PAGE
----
Solid-state batteries are a promising technology that could eventually revolutionize the electric vehicle (EV) market. Unlike conventional lithium-ion batteries, solid-state batteries use a solid electrolyte instead of a liquid one, which offers several advantages such as higher energy density, faster charging, and improved safety. This has led to the rise of solid-state battery stocks to buy.
According to a report by Research and Markets, the global solid-state battery market grew from $0.34 billion in 2022 to $0.49 billion in 2023 at a compound annual growth rate (CAGR) of 44.5%. The market is expected to grow to $2.41 billion by 2027. Overall demand for solid-state batteries will be driven by the increasing adoption of EVs, which are expected to account for 30% of global vehicle sales by the end of this decade.
With all that said, below are three solid-state battery stocks that could set investors up for long-term success.
Toyota Motor Corporation (TM)
Toyota (NYSE:TM) probably needs a little introduction. Founded in 1933, the Japanese automaker has become one of the world’s largest auto manufacturers. Most importantly, Toyota helped start the current hybrid and electric car revolution with the Prius and a growing line of EV and hybrid vehicles. Toyota also owns the Lexus, Daihatsu, Hino, and Ranz brands, plus stakes in Subaru, Mazda, Suzuki, Isuzu, Yamaya, and Panasonic.
Moreover, Toyota has been developing solid-state batteries for over a decade. If commercially scaled, solid-state batteries could address EV battery concerns such as charging time, capacity, and the risk of catching fire.
Recently, Toyota claimed a breakthrough in battery manufacturing technology that would allow the automaker to mass-produce solid-state batteries by 2027 or 2028. With this novel battery technology, the automaker aims to achieve a range of over 1,200 km and a charging time of less than 10 minutes. Any investor interested in solid-state batteries should be paying attention to Toyota.
Albemarle (NYSE:ALB) has made several of my lithium stock ‘buy’ lists due to its attractive valuation and position in the lithium market. The company is one of the largest lithium miners that power electric vehicle batteries. However, lithium is not only a key component of lithium-ion batteries but also solid-state batteries. As solid-state batteries increase in demand and more EVs hit the road, Albemarle could fill that demand.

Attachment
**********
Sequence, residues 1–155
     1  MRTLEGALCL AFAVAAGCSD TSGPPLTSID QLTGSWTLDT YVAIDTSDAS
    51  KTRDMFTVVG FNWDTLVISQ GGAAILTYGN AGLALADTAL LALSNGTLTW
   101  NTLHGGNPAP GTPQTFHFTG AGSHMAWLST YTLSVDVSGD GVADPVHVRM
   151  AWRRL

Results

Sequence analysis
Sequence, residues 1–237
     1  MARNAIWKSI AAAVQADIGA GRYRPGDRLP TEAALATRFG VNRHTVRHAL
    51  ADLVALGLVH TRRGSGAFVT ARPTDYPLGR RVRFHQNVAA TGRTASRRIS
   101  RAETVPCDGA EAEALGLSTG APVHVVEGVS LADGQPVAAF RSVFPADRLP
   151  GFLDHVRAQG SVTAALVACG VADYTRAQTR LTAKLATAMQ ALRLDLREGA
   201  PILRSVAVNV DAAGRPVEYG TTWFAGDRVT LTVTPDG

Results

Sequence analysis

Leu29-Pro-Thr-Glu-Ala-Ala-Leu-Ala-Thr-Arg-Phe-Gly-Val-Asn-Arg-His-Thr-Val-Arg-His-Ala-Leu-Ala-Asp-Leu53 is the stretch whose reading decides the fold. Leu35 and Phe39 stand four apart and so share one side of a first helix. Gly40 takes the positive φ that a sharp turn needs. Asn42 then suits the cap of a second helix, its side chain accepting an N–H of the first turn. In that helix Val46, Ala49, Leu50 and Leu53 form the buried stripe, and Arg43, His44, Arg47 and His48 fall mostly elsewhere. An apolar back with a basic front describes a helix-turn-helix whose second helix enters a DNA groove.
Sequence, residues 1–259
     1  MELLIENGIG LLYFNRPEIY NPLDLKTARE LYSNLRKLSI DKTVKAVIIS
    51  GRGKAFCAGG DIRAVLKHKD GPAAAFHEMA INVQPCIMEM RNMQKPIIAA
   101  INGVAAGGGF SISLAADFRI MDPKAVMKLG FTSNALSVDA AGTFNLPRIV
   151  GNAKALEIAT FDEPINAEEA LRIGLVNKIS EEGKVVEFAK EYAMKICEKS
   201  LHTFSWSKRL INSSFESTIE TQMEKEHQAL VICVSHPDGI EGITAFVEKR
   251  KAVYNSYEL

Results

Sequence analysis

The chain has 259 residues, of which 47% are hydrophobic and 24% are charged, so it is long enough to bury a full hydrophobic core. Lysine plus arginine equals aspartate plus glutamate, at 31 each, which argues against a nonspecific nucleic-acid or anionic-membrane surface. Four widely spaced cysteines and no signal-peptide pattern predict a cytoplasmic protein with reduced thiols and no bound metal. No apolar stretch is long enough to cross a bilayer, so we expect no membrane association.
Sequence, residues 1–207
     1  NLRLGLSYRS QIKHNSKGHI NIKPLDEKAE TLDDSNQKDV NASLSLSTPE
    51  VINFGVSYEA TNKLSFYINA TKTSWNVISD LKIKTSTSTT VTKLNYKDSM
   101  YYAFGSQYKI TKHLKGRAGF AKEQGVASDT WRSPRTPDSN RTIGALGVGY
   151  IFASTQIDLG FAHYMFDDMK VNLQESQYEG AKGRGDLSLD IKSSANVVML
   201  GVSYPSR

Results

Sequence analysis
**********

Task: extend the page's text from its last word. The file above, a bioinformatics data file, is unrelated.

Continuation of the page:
The specialty chemicals producer has produced some impressive financial results in 2023. In particular, Albemarle’s Q2 earnings print beat Wall Street’s estimates on an EPS basis, while revenue came in line with estimates. Albemarle’s management also decided to raise guidance and noted tailwinds in electric vehicle (EV) sales that should drive lithium prices upward. The long-term prospects of EVs and solid-state batteries, coupled with ALB’s relatively cheap valuation should keep investors interested.
Hyundai Motor Company (HYMTF)
Hyundai Motor Company (OTCMKTS:HYMTF) is a South Korean automaker that manufactures and sells passenger cars, commercial vehicles, and electric vehicles. The Korean automaker has a diversified portfolio of brands, including Hyundai, Kia, Genesis, and IONIQ. Hyundai reported impressive global sales results for 2022 despite the challenging business environment, and financial performance has continued to improve in 2023. This makes it one of those battery stocks to buy.
Hyundai has been investing in solid-state battery technology and has partnered with Solid Power to co-develop its next-generation batteries for EVs. The automaker plans for all of its electric vehicles and those of KIA’s to be powered with solid-state batteries by 2023. Furthermore, Hyundai recently announced a partnership with Factorial Energy to test its novel solid-state battery technology and eventually integrate the technology into Hyundai electric vehicles. These developments leave a lot for equities investors to be hopeful for in terms of solid-state battery technology.
On the date of publication, Tyrik Torres did not have (either directly or indirectly) any positions in the securities mentioned in this article. The opinions expressed in this article are those of the writer, subject to the InvestorPlace.com Publishing Guidelines.